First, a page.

Capital Sounds: Music with lots of heartFebruary 12,2014
By Ed DuFresne
It’s that time of year again. Friday morning we will all wake up most likely to find our lovely capital city adorned with hundreds of red hearts, a tradition that has become entrenched in the city of the golden dome over the past decade. Most seem to love the tradition, though I do have one friend who considers the phenomenon nothing more than littering. I am firmly in the former category; the hearts warm my heart.
What better way to celebrate love and romance than by going to see live music? My pick for a perfect Valentine’s Day show takes place Friday night at Sweet Melissa’s when Steady Betty takes the black-box stage. The seven-piece all-female outfit plays the Jamaican music known as rock steady, a rhythmic, highly danceable form that was the predecessor to modern reggae. I’ve yet to catch this act, but with the lovely and talented Miriam Bernardo up front, it is bound to be good. Bring the love of your life, or perhaps meet him or her, starting at 9 p.m.
Sweet’s has music at the corner of Elm and Langdon almost every night, and you can start the weekend early Thursday night with Bob Stannard and Those Dangerous Bluesmen. Mr. Stannard is a staple in the State House, so you can expect a wide array of politicos to be in attendance. Perhaps you’ll overhear some State House gossip out of a well-lubricated politician. Check it out starting at 8 p.m. Saturday night you can catch hot old-school swingin’ jazz with Red Hot Juba starting at 9. If you want to catch some early evening music at Melissa’s, Honky-Tonk Happy Hour with Mark LeGrand starts at 5 p.m. Fridays, and Andy Pitt plays solo at 5 on Saturdays. Yes!
If you want to get all folked up to celebrate Valentine’s Day, you can check out Charlie-O’s on Main Street in the capital as it hosts Leatherbound Books on Friday night. Hailed as “a phenomenal collaboration full of upbeat tunes and a fresh approach to songwriting on the Burlington scene,” this five-piece, high-energy folk band appears to be the real thing. Hear for yourself starting at 10 p.m. Sam DuPont opens the show. Saturday night, O’s hosts its weekly winter all-request dance party starting at 10 p.m., so don’t forget your dancin’ shoes!
And speaking of dancing and Saturday night, you can head over to Positive Pie II on State Street and catch longtime central Vermont funk/rock/soul act The Party Crashers in downtown’s most spacious venue. The tables should be cleared with plenty of room for dancing starting at 10:30 p.m. for a nominal cover at the door.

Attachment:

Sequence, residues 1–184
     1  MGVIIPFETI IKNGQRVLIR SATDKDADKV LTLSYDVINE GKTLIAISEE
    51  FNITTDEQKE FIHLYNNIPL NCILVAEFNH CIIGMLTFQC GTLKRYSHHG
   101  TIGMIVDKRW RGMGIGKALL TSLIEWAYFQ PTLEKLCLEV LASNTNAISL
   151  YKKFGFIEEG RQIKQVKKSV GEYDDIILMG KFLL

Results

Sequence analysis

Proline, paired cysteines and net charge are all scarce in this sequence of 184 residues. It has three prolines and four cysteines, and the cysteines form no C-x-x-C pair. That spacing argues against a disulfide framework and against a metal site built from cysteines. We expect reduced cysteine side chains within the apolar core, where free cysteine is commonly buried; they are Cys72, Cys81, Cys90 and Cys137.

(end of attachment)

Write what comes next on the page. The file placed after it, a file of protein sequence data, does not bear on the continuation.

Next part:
Still looking for some early evening music? Look no further than The Skinny Pancake in the heart of downtown Montpeculiar. Sunday at 6 p.m. it will host critically acclaimed singer-songwriter Lauren Sheehan. “A formidable musician and singer … Sheehan is one of the best interpreters of the blues tradition to step forward in the past several years,” according to one reviewer. She’s also made a recent appearance on National Public Radio, which attests to her level of talent. Should be a good one for a suggested donation, fo’ sho’!
Stepping outside of town to the bucolic village of Calais, you’ll find a celebration of another holiday Saturday that is seldom observed in these climes, that being Mardi Gras. Mardi Gras at Maple Corner starts during the day with a winter carnival and various events and culminates with a performance at The Whammy Bar at the Maple Corner Store by local fiddle maven Katie Trautz, who I assume will be bringing her repertoire of Cajun material to the festivities. This is another great one for those who don’t stay out late, as shows at The Whammy start at 7:30 p.m. on Fridays, 7 on any other night.
Thursday night you can catch local songwriter and bartender extraordinaire Abby Jenne, and Friday night another love-worthy show takes place when local folkie Lewis Franco hosts his Valentine’s Day date night.
That wraps up this week. Happy Valentine’s Day, Happy Mardi Gras, and go heart yourself some live music!
Ed DuFresne is the former talent coordinator at Langdon Street Café and The Black Door, occasionally produces concerts, and books at various venues in the area on a freelance basis as well as being a PM sous chef at the Vermont Thrush Restaurant. He lives in Montpelier with a lovely Polish anarchist and an aspiring chef.
The Times Argus and Rutland Herald regularly review CDs by Vermont performers. (They must have been reviewed to be considered for December’s annual Tammie Awards.) To have your CD considered for reviewing, please send it to: Arts Editor, The Times Argus, P.O. Box 707, Barre, VT 05641.
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